MNSCS #6 - Singletrack Attack Race Report...

Having no races in Iowa or Nebraska this weekend, I drove up to Elk River, MN (19 miles northwest of the Twin Cities burbs) for the MNSCS #6 race. The race was held on the excellent singletrack trails of Hillside Park and run by a great crew of volunteers who helped with parking, handing out water, getting us signed in and in short - kept the event running like clockwork.

I dropped Zack off at 5:30 a.m. at the Catholic Church in Indianola where he met a group of 50 high school students that were heading out for a week of service work on the Pine Ridge Indian Reservation in South Dakota. I headed north to the Twin Cities and arrived at the race venue with about 45 minutes before the start. I got registered, suited up, warmed up (not enough, but time was the issue) and lined up in Wave 2 for the race. I brought the Dos Niner to race and had outfitted the bike with a pair of prototype race tires that I am trying out from Maxxis.


I love these tires!!! They fill a void that was missing in the 29"er size. A light weight (around 500 grams per tire), with low rise knobs that roll like the wind. My pair weighs 480g and 500g respectively. They were perfect during the race. The Ravens are great as well, but they drift at times in corners and these prototype Aspens hold their line.

At the starting gun, I had difficulty getting my left foot clipped in and lost my "mark" (a guy I recognized who had finished one or two spots in front of me in the last Minnesota race). By the time we entered the singletrack, I noticed he was ahead of me by 20 or so positions. Again, turnout was large at the race. 140 Cat 2's toed the line yesterday. My wave had about 40 racers in it and we started 2 minutes behind the first wave of 25 younger guys. We had the usual backups and near stops as the group encountered some of the first difficult spots. Again, the importance of being up in the front could have saved me some time. Not getting my foot clipped in and not being able to move up beyond the middle of the pack probably cost me a minute or two overall, but c'est la vie.

I loved the trail and no difficulties negotiating the terrain. It was good to race the Dos again, although my lower back will take a couple of days to recover. ;-) I was able to pass quite a few - especially as I caught up to the slower racers in the first wave. I ended up crossing the line in 10th out of 17 for my age class and 65th out of 140 for the Cat 2's. The 65th is the same as the previous Minnesota race, but the next guy in my age class was a little over a minute ahead of me. I don't think I could have made up a minute out on the course as I was going full bore, so maybe it was in the start and sprint for the singletrack that I could have made up that time gap.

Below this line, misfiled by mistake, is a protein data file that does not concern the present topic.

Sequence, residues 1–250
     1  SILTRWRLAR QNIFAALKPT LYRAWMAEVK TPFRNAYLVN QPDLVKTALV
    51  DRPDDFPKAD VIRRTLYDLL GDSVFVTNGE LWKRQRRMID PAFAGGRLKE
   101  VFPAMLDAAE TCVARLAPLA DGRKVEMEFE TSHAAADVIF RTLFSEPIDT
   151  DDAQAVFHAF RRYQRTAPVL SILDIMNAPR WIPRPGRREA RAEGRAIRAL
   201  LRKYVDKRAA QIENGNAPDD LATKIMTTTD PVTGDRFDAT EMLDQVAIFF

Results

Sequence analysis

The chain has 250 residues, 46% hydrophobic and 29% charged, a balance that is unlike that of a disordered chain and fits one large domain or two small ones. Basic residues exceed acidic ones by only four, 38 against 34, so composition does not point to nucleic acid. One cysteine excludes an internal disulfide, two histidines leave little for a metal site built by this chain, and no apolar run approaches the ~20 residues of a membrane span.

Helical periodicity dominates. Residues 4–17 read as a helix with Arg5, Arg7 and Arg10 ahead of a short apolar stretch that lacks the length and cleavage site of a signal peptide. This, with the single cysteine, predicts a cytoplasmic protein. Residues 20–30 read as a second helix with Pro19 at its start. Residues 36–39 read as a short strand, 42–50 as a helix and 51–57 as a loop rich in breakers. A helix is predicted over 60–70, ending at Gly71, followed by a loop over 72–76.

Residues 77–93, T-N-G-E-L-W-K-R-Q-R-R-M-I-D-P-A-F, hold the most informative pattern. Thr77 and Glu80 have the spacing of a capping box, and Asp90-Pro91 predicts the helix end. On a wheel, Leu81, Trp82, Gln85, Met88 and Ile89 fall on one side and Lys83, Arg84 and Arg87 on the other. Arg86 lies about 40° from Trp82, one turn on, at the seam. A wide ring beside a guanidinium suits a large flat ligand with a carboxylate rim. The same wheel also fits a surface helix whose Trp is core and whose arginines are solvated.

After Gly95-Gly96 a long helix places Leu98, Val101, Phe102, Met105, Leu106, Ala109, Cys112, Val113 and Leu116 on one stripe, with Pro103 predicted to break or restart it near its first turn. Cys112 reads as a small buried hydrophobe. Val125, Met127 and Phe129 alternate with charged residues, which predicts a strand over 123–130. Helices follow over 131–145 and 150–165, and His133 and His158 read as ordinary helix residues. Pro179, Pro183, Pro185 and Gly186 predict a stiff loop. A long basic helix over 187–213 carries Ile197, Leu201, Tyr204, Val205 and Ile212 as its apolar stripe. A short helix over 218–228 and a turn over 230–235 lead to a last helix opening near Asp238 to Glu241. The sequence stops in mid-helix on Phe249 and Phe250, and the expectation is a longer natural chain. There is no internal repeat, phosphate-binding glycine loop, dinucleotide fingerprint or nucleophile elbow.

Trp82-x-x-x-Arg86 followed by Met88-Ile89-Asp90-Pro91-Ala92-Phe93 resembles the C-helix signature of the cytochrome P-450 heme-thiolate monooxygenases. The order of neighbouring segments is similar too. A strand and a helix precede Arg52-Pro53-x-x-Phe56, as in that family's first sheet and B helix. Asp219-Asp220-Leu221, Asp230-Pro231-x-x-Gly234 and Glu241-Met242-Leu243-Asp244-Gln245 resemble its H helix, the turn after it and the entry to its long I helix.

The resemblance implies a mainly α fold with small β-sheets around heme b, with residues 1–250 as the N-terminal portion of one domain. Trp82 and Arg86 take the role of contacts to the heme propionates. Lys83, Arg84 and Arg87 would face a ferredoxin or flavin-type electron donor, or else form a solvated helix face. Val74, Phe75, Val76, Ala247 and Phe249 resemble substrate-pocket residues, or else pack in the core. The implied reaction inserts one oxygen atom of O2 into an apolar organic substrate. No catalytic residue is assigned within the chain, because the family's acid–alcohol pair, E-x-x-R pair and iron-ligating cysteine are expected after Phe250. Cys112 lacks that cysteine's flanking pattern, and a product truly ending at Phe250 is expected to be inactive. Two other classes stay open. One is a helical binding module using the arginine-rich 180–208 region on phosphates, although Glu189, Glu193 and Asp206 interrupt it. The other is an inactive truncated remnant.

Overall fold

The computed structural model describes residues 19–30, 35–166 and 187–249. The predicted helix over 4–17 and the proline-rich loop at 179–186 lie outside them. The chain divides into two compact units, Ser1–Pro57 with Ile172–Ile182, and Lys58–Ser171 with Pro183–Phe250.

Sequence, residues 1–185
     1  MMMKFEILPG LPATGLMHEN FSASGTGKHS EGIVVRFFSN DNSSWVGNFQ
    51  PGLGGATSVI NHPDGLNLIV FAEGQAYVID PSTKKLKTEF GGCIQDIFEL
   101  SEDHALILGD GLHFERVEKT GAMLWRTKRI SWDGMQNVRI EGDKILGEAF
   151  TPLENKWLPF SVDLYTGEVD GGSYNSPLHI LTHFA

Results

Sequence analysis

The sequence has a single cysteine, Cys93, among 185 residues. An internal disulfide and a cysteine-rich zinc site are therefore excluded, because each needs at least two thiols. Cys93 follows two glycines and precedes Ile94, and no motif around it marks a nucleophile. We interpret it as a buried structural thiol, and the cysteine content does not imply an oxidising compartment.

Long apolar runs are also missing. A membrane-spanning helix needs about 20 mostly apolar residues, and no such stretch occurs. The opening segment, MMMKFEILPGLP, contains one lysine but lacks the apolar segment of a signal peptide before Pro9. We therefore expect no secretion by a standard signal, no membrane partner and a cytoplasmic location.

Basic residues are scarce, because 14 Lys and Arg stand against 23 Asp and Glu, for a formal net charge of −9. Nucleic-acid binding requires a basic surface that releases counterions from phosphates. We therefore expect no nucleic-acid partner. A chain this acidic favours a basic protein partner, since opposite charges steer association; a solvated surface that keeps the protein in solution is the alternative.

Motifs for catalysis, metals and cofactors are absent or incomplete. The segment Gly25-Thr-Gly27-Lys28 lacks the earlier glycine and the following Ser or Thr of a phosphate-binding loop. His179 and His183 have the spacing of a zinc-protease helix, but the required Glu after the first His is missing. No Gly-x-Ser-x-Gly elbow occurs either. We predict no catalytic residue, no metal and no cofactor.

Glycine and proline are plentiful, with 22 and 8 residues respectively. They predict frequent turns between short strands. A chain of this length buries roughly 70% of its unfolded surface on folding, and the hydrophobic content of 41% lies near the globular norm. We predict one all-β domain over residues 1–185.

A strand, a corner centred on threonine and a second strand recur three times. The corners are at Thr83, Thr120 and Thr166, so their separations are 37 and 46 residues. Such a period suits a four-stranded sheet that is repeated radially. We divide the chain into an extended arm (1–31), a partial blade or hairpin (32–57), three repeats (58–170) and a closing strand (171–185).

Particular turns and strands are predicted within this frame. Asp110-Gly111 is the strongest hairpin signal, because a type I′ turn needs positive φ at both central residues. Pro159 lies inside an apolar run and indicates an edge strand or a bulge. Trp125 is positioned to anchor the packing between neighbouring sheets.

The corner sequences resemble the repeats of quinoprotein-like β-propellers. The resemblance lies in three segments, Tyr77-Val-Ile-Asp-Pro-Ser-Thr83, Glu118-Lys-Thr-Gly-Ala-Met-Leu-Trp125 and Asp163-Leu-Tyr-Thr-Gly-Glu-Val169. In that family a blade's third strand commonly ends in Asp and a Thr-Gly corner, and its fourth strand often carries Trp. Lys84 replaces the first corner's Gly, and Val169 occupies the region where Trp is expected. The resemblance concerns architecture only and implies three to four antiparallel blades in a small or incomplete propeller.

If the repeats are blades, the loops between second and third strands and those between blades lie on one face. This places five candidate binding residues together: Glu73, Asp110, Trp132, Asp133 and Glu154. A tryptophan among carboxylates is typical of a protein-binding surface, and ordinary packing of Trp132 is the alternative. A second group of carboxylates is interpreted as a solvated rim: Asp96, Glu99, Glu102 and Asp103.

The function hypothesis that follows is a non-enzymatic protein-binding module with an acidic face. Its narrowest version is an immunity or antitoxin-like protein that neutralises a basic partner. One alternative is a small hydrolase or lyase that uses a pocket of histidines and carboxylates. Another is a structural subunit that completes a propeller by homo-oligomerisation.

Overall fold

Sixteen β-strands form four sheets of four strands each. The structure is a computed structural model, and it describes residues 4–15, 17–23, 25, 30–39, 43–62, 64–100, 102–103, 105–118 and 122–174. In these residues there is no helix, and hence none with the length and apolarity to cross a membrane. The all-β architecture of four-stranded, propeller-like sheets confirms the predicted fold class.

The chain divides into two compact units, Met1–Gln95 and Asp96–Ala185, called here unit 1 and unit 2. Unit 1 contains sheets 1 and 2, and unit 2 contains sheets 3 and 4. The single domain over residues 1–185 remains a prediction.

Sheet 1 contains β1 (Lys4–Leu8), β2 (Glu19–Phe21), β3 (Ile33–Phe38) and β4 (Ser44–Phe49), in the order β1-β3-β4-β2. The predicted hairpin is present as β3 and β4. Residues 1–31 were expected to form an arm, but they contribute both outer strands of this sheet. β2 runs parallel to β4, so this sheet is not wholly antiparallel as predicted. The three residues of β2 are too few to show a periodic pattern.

Regardless, I had fun in this race. One of the support/fund raising groups at the event had a food tent, so I grabbed a burger and Diet Coke. This group was an animal rescue league devoted to rescuing and saving Schnauzers. Interesting, but I made a donation in their tent in hopes of helping out their cause.

It's time to load up the car and head to the Black Hills for the week. I loaded the bikes last night on the Element. I was airing up the front tires of the mini-van on Saturday when I heard the valve or valve stem leaking. So I took it in to Downey Tires to be fixed and while fixing it they noticed one of my left front wheel tie rods is just about shot and should not be driven. Of course, their mechanic doesn't work on Saturdays and I didn't want to pay the price that the Ford/Mercury dealer charges, so instead of taking the spacious mini-van to the Black Hills, we are stuffing ourselves, dogs, luggage and bikes into the Honda Element. Rocket Box on top, bike rack on the rear, dogs on the floor, Alexa in one of the rear seats, cooler on the floor and feet out the window.... ;-]

Off to the Black Hills!


RAGBRAI: Weather is perfect on Day #4...

The route from Indianola to Chariton was perfect today in terms of weather, wind and riding time. Tara and I headed out of Indianola about 10:40 a.m. and made our way east to Ackworth and Sandyville before turning south to make our way to Milo where we stopped for some water. I actually rolled in just in time to hear one of my students from the Orpheus Festival step on stage and sing a Karaoke solo. He did a great job and the crowd gave him a very rousing ovation!